Even Steven Spielberg can get a rejection letter. It seems that Daniel Day-Lewis—who plays Lincoln in Spielberg’s presidential Academy Award Dominated movie, originally did not want to play Abraham Lincoln. Spielberg didn’t let the rejection letter go to waste, he stowed it away for safekeeping and the letter showed up at the awards-podium as reading material last week.
Julie Miller reporter for Vanity Fair wrote, “Before presenting Day-Lewis with the New York Film Critics Circle award for best actor, Speilberg read aloud the Oscar winner’s thoughtful brush-off.”
Here is Steven’s Rejection Letter:
It was a real pleasure just to sit and talk with you. I listened very carefully to what you had to say about this compelling history, and I’ve since read the script and found it in all the detail in which it describe these monumental events and in the compassionate portraits of all the principal characters, both powerful and moving. I can’t account for how at any given moment I feel the need to explore life as opposed to another, but I do know that I can only do this work if I feel almost as if there is no choice; that a subject coincides inexplicably with a very personal need and a very specific moment in time. In this case, as fascinated as I was by Abe, it was the fascination of a grateful spectator who longed to see a story told, rather than that of a participant. That’s how I feel now in spite of myself, and though I can’t be sure that this won’t change, I couldn’t dream of encouraging you to keep it open on a mere possibility. I do hope this makes sense Steven, I’m glad you’re making the film, I wish you the strength for it, and I send both my very best wishes and my sincere gratitude to you for having considered me.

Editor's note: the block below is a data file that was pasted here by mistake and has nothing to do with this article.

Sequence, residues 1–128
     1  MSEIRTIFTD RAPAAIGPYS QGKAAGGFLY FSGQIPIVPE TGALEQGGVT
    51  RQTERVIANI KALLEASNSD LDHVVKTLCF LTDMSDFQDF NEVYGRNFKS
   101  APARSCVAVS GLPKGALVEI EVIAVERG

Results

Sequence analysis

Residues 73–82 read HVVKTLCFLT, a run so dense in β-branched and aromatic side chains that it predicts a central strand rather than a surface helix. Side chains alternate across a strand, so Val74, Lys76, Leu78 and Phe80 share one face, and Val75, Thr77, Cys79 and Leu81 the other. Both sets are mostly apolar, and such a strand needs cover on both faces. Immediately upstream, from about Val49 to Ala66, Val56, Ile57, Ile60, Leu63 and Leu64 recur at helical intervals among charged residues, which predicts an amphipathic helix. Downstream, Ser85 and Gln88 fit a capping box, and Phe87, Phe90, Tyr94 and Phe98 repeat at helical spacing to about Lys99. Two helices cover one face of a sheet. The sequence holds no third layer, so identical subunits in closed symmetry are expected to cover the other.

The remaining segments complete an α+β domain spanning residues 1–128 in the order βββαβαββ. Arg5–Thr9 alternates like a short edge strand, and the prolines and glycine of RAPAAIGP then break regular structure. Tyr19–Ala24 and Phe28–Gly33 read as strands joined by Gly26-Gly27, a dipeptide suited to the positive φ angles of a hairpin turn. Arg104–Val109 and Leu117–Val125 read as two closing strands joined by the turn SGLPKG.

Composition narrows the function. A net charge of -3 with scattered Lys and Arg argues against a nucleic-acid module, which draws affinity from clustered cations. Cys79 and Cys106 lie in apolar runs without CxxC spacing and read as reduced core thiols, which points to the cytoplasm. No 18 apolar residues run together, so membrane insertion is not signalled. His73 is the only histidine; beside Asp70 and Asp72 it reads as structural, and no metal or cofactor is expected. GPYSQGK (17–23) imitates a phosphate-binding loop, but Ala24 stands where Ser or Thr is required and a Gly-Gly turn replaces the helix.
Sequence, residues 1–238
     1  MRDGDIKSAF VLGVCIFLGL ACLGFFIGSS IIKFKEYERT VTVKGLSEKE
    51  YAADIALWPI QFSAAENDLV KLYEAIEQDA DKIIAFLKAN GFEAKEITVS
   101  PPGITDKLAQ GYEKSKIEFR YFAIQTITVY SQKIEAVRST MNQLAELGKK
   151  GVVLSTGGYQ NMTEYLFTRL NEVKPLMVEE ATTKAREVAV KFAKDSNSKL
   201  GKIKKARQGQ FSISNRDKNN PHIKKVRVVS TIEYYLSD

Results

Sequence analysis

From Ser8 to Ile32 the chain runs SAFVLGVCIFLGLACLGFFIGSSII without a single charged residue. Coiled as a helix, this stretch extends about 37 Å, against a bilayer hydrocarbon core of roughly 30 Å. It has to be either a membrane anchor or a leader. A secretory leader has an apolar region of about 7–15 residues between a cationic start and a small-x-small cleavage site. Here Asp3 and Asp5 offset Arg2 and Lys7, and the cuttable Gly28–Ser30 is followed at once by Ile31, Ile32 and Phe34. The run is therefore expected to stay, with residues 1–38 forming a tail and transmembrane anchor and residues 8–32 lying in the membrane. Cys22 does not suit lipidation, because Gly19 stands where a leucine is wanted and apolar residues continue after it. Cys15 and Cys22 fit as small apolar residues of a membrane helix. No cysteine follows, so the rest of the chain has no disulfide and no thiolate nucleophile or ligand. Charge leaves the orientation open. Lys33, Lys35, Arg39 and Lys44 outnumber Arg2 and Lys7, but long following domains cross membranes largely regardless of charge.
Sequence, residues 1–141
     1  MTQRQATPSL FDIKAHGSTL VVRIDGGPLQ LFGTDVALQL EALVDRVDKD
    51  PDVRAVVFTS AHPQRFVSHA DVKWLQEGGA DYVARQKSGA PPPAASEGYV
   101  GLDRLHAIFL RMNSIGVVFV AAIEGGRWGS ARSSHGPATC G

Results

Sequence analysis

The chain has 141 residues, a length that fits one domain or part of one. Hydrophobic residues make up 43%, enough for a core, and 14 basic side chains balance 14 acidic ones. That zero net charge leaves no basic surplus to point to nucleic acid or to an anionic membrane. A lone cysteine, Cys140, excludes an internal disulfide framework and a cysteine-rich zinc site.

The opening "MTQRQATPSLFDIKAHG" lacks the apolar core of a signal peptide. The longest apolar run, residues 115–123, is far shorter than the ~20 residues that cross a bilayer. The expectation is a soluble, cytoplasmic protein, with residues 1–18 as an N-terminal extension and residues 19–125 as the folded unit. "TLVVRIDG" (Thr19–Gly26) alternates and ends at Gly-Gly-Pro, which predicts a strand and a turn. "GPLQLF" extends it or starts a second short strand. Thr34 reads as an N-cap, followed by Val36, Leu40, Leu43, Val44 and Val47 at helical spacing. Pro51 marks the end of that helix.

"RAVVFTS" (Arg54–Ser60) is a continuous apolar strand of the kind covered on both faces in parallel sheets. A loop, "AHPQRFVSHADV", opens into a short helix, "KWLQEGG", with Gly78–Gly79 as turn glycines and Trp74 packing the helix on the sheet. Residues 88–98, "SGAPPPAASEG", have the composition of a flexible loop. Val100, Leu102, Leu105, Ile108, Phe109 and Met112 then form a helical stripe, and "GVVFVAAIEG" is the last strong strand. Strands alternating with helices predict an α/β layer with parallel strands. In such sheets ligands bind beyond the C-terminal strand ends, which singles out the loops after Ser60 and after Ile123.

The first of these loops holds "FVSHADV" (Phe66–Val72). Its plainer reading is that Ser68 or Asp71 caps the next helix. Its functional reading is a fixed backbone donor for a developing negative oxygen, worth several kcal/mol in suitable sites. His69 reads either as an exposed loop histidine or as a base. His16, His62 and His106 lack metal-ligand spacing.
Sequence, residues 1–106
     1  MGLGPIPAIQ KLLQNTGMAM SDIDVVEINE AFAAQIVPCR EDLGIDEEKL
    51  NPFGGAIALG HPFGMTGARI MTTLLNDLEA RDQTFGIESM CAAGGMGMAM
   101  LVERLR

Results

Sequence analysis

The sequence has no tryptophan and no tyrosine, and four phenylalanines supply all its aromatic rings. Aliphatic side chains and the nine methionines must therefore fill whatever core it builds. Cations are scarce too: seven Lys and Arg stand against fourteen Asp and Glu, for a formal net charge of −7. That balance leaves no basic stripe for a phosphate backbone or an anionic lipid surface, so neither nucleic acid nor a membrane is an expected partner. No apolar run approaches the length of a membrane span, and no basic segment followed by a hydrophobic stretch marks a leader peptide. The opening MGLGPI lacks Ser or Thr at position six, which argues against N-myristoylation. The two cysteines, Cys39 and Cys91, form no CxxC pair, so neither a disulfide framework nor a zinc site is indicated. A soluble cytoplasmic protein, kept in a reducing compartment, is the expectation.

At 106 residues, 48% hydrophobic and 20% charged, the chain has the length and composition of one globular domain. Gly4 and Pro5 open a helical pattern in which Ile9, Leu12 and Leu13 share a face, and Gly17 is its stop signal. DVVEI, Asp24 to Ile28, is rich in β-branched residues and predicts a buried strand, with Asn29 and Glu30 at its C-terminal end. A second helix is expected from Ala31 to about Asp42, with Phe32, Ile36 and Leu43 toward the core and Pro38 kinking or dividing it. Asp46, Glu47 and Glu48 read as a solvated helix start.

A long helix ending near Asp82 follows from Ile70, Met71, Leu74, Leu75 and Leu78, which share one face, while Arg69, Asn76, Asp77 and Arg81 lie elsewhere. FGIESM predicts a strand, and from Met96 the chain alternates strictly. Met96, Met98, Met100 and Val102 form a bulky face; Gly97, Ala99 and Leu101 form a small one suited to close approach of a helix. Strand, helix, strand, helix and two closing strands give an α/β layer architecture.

What can we learn from this? Well, Spielberg didn’t give up. After receiving the letter, he recruited Tony Kushner to pen a new screenplay from Doris Kearns Goodwin’s biography of Lincoln, Team of Rivals—one that would earn Day-Lewis’s approval. Apparently he did, because Lincoln is positioned to run away with the Oscars in February.
So the next time you get a rejection letter, keep this story in mind and revise your manuscript. Revision does improve our work and sometimes we just need someone to pull our best out of us.